Our heroes with whom we are taught to identify, though allied in their camaraderie can often be at odds with one another, at times to our delight, especially when their relationships take a comic turn. In this regard I think of the series Ocean’s 11, 12, 13, and yes – 8. And I think back a few decades to Butch Cassidy and the Sundance Kid, whose writer, the famous William Goldman, was deeply enamored of Gunga Din.

And then there is the adventure film. One need only mention the Indiana Jones series as the prime example overall and its Temple of Doom chapter in particular.

That said, Gunga Din on the whole stands as something greater than the sum of its parts. And I heartily recommend it to your enjoyment.

(You can thank me for the minimum of spoilers).

The Dunning of Gunga Din #1939TheMiracleYear

1939 The Miracle Year Dunning of Gunga Din

The article in Variety was, really, little more than a blurb. But it got my attention.

Reading it I felt sympathy for the individual affected by hard financial circumstances.

Locked Out

Hollywood, Oct 18 (1938)

With a bankroll of $2,250 earned acting in RKO’s ‘Ginga Din,’ Anna May has no place to park her trunk. While she was on location the sheriff plastered an eviction notice on the California Zoological Society, her old home. …

As it turns out the subject of our pity was Anna May – an actor with very special attributes – she was an elephant.

Having been brought to America from India at a tender age in 1913 by the pioneer filmmaker Col. William Selig, she was given a home at his zoological park in LA. She and its other denizens did more than earn their keep by attracting the curious to view them in their cages. They also brought home the bacon by appearances in film.

Anna’s first foray on celluloid was in the second ever serial The Adventures of Kathlyn. Between then and 1939 she racked up an impressive number of roles in over thirty films – including Chaplin’s City Lights and many Tarzan features.

Her home changed hands over the years and financial hardships plagued each new owner. Worst of all was a flood that hit LA in April of 1938. It killed several of their animals and rocked their finances back on their heels.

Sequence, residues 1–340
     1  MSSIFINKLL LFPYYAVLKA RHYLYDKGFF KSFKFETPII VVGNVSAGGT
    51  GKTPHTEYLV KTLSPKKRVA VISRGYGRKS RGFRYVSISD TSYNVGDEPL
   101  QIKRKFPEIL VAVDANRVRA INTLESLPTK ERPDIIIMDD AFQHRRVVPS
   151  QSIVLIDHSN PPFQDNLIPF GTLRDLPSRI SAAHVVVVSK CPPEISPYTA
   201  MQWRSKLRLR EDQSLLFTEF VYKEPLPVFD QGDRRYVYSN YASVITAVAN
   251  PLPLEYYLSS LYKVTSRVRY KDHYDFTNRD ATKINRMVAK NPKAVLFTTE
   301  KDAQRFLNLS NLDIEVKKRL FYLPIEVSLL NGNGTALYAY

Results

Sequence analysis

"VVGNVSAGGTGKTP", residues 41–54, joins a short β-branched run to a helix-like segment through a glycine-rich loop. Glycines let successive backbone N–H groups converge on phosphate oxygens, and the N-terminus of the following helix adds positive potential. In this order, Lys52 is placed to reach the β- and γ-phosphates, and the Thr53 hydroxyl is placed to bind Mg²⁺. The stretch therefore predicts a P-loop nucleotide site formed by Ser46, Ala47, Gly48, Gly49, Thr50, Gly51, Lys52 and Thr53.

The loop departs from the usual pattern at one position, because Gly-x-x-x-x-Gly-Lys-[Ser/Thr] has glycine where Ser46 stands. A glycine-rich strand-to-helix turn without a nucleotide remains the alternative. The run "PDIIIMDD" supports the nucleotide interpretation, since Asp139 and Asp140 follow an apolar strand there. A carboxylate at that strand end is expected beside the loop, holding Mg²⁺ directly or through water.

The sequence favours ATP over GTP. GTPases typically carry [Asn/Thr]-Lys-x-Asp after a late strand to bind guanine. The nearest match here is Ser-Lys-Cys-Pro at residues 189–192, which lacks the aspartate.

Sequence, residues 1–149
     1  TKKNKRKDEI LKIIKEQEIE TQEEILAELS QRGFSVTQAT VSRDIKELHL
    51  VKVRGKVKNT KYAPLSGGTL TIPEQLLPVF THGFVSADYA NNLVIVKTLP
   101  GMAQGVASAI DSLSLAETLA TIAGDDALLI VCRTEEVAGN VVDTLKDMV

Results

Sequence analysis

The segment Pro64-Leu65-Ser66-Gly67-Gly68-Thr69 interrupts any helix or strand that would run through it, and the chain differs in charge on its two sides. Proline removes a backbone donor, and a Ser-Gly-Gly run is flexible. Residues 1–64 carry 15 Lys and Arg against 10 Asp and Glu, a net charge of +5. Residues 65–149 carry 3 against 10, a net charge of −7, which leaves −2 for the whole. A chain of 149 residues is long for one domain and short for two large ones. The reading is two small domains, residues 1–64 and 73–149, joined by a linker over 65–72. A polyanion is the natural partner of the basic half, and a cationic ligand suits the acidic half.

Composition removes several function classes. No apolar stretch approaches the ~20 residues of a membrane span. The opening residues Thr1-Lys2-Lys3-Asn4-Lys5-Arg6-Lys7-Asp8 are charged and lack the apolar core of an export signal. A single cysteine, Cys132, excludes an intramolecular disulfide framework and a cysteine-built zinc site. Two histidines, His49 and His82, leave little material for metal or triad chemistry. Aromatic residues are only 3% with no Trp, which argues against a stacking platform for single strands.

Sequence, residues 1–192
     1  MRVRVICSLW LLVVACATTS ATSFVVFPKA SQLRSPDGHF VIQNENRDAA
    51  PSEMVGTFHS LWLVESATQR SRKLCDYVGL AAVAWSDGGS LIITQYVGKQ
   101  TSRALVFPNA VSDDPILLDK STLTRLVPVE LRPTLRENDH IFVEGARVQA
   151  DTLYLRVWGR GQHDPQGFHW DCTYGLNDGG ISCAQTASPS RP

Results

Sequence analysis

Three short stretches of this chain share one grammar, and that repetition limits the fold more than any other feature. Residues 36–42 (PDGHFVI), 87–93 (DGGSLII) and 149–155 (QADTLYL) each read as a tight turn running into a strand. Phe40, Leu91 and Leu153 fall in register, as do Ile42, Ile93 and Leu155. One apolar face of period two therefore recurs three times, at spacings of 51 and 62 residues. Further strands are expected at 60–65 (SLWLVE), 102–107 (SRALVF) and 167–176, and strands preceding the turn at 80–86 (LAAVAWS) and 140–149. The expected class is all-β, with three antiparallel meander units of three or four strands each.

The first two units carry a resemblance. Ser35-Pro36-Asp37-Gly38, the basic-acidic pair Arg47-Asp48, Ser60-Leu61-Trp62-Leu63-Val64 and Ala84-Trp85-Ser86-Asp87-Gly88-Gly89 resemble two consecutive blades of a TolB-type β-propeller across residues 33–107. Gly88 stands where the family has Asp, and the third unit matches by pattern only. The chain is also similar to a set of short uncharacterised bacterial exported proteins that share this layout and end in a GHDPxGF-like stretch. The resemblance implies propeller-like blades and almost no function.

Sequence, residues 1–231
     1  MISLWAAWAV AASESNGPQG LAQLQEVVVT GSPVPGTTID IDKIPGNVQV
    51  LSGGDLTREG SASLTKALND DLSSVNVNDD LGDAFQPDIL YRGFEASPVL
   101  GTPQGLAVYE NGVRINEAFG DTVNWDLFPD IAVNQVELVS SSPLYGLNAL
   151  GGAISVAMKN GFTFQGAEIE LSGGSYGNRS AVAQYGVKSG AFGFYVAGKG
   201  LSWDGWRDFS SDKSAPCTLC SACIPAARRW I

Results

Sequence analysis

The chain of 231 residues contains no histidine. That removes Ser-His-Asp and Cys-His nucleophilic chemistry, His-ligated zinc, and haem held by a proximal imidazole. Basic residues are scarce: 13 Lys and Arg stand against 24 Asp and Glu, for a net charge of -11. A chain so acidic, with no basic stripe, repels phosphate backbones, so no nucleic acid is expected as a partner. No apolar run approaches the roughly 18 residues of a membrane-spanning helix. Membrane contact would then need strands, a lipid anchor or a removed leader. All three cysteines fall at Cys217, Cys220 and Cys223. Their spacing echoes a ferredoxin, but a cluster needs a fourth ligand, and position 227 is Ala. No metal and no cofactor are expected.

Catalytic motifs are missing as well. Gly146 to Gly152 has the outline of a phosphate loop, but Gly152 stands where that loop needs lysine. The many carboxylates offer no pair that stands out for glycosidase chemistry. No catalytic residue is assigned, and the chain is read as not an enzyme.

So this was the situation referred to in the blurb in Variety. The park was in trouble despite her earnings from her turn in Gunga Din.

I came across another article about Anna May. This time in Photoplay magazine for February 1939, page 68, which I quote in full:

Portrait of a New Star

Anna May. Recently risen to fame in RKO’s “Gunga Din,” is thirty years old and a spinster by choice. She has had many suitors in her day, but none that pleased her.

Quiet and conservative, she dislikes frills and folderols and was known during the filming of “Gunga Din” to object strenuously to wearing a jeweled headpiece that they cut it out of the script. She did consent, however, to don false eyelashes, since her own failed to photograph.

Anna May is something of a moralist. If her manager stays out late, she scolds loudly until he returns. She is also a tobacco addict, with a special yen for cigarettes, which disappear in her presence with disconcerting rapidity.

She is inordinately lazy, insisting on riding on various “Gunga Din” excursions when she is perfectly able to walk. Still, her earnings in pictures are sufficient to support three friends.

Like many women, she goes in for trick diets and will make a whole meal on carrots and perhaps a melon or two, including the rind. Like many women, she is terribly afraid of thunder and lightning and on the “Gunga Din” location at Lone Pine disrupted many a scene by her nervousness during bad weather. Also like many women, she harbors a strong affection for Cary Grant and used to follow him around at Lone Pine, much to his embarrassment.

There are a few rather queer things about Anna May, too. She likes to sleep standing up. She has ears something like Clark Gable’s. And she eats a bale of hay a day.

Still, these aren’t too queer when you remember that, after all, Anna May is an elephant.